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Power Conditioners and Sound Quality


Daphne

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I first started using power conditioners a good 15 years ago, a Monster surge protector/power conditioner. I noticed an improvement in sound quality immediately. Over the years I have used other Monster units and once had a Richard Gray's conditioner. Now I am using two Audience Adept Response aR6 power conditioners. I purchased them slightly used for just $1200, and that included exotic Audience PowerChords. I must admit, my system has never sounded better. Has anyone else had success with audio power conditioners?

 

Recently I have noticed several A/V systems where isolation transformers are being used. Traditionally, isolation transformers are used in labs for sensitive electronic equipment like mass-spectrometers, or in hospitals for electronic diagnostic equipment, or in computer rooms for servers and main frame computers. I was just wondering what the advantages are for using isolation transformers in regards to audio/visual equipment? Also, what are the advantages to using 220 volt step down isolation transformers to 120 volt output? (the voltages will be different for outside the US)

 

I also fail to understand the process of "burning in" cables. A number of cable manufacturers have been claiming their cables will not perform to their optimal level unless they are "burned in" for anywhere from 50 to 100 hours. Other cable makers say their products require no "burning in" and their competitors are just dishing out marketing nonsense. I just saw a keyboard size unit specifically designed to "burn in" interconnect cables, speaker cables, and AC power cables.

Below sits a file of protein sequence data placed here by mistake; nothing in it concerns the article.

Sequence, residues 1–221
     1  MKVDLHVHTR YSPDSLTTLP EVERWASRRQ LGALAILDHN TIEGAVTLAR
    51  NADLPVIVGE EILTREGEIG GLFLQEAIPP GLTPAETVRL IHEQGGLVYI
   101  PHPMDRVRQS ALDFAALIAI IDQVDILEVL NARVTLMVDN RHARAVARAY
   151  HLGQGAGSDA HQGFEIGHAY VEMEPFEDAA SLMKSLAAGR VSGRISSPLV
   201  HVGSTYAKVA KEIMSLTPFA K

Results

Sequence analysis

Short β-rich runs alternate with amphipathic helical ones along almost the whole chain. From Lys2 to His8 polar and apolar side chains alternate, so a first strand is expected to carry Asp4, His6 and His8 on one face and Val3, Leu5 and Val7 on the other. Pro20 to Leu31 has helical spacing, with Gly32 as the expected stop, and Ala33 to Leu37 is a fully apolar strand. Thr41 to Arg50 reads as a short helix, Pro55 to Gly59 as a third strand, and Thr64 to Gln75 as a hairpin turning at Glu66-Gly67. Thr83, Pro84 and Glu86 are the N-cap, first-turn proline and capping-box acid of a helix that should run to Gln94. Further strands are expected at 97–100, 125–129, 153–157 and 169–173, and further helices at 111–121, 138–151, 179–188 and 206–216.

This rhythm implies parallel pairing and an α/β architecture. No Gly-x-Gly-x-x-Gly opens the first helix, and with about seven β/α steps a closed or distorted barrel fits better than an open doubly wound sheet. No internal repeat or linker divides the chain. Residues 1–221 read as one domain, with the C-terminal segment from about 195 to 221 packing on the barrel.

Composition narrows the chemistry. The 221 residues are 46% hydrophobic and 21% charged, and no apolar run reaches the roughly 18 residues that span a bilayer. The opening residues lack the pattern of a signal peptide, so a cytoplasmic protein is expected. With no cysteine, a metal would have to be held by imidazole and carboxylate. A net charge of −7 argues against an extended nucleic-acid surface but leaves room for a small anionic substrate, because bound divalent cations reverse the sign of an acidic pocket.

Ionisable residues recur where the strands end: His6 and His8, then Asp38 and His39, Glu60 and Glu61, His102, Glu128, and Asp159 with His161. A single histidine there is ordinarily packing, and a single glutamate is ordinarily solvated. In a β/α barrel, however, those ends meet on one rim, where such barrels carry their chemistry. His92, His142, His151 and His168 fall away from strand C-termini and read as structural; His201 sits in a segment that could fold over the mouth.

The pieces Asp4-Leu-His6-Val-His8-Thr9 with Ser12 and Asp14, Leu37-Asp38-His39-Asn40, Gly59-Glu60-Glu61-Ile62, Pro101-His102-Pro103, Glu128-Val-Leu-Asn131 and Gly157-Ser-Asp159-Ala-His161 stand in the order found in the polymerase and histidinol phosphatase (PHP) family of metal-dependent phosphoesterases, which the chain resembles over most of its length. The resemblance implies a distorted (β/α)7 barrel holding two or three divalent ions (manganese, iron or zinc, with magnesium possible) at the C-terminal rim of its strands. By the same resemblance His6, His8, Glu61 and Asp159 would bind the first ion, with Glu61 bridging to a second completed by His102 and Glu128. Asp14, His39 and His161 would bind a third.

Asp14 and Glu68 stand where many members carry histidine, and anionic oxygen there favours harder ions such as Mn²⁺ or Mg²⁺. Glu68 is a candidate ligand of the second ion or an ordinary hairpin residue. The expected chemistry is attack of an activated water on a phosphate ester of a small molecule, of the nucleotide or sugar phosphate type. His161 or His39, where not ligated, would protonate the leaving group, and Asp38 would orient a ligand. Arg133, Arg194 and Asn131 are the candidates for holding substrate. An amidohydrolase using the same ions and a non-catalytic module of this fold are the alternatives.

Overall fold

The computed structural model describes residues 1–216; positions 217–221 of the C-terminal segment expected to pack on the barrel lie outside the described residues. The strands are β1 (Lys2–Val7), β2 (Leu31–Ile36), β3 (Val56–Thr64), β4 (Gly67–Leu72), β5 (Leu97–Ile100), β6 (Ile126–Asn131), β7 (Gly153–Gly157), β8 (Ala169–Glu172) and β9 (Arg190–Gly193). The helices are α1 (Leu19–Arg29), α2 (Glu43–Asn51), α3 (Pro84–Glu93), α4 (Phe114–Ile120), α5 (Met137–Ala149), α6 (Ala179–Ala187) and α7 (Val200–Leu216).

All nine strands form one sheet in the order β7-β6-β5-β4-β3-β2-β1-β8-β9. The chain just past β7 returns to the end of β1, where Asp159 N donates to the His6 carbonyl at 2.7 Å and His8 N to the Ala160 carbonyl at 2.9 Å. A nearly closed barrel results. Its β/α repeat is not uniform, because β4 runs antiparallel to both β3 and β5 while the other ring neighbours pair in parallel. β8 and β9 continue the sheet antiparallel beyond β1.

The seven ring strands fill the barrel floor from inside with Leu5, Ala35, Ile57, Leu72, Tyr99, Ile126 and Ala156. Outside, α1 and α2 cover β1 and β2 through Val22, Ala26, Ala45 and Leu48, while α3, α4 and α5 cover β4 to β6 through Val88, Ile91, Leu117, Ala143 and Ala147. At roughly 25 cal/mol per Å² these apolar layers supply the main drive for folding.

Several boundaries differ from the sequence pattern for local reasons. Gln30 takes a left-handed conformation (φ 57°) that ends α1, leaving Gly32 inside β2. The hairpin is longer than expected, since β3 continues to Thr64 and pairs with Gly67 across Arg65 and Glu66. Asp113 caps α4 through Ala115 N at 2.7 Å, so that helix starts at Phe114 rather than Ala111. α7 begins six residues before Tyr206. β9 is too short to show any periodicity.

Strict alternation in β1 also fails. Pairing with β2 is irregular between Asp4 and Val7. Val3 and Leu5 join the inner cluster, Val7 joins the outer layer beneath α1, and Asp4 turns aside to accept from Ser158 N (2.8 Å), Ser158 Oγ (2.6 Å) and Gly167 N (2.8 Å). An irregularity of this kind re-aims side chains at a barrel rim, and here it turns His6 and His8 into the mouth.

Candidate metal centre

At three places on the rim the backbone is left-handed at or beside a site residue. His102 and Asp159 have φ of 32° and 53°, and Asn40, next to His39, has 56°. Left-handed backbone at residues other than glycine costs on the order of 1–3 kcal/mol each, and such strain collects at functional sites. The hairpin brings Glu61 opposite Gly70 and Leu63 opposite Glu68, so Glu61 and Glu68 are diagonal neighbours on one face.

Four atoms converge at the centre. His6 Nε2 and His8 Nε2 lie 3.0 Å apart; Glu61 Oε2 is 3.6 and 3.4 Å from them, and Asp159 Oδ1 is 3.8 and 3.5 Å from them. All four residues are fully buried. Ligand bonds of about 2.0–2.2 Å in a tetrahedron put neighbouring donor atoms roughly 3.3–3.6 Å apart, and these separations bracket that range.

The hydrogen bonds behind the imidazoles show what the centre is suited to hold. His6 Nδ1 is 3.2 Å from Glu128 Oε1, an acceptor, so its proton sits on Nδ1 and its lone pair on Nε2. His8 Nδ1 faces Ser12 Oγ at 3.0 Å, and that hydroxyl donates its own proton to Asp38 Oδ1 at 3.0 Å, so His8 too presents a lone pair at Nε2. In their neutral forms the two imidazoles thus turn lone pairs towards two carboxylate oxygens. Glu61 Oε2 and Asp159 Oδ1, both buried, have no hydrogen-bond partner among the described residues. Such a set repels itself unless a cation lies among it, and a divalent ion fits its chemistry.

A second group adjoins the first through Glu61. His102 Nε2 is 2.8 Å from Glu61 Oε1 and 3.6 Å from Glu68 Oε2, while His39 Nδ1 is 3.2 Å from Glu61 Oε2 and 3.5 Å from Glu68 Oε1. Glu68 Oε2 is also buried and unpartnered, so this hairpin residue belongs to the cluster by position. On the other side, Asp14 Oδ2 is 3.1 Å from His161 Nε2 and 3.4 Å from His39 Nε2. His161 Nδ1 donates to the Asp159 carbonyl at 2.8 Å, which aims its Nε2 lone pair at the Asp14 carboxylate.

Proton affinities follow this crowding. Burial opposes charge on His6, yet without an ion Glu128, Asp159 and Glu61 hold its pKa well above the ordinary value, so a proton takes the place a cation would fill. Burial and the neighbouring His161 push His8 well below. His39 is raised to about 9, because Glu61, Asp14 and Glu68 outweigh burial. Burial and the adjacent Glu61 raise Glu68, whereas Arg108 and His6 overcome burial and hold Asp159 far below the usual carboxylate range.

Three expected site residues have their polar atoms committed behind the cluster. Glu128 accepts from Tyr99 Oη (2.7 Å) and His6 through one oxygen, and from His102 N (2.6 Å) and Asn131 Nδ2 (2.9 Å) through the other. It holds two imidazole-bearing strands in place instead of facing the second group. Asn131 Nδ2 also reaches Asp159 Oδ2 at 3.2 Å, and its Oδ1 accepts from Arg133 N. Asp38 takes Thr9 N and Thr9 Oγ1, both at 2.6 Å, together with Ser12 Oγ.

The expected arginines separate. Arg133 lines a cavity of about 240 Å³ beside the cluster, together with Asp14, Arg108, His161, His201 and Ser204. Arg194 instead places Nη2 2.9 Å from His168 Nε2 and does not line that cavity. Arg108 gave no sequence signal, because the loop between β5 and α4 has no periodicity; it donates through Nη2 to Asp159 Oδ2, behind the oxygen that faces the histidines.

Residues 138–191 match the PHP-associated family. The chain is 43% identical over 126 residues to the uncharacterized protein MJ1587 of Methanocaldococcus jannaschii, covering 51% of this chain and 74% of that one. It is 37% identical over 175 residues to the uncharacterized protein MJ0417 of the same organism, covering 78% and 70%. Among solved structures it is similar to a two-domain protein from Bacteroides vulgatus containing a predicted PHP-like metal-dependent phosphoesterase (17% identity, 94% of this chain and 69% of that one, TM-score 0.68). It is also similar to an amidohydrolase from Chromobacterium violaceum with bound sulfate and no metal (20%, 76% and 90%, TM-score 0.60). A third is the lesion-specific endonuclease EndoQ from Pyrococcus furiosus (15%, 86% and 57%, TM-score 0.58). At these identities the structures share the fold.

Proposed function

This brings up a ton of questions. Is an audio signal effected that much by virgin copper? Is this burning in process required for analog signals only or digital signals also. What are the conductivity properties in copper that require a current pass through it for a predetermined time prior to the copper passing the current to its optimal level? Depending on the purity of the copper, does less pure copper require more or less burning in time? Is the gauge of the wire a factor? Is there a difference between AC and DC current involved with burning in? What about copper used in coaxial antenna cable? One last question, if burning in is so necessary, why is the manufacturer not doing so in advance, especially for the outrageous prices they are demanding?

 

If this process of burning in is true, it can mean that our telephones will need to be used for hours before sounding well, in a new house that 60 watt light bulb will not deliver 60 watts for the first few days or so, your new television will need to have the color readjusted after the first week, clocks will run slow, and Ethernet will deliver data at a slower rate at first. I have never heard of anything like this being mentioned, so why are audio signals so effected?

 

Can someone explain the scientific principles of this so called "burning in" process that, from what I can see, only exists for the audio world?

 

Just a few items I have been thinking about lately. I hope my questions are not too technical, or too far off the subject of computer audio.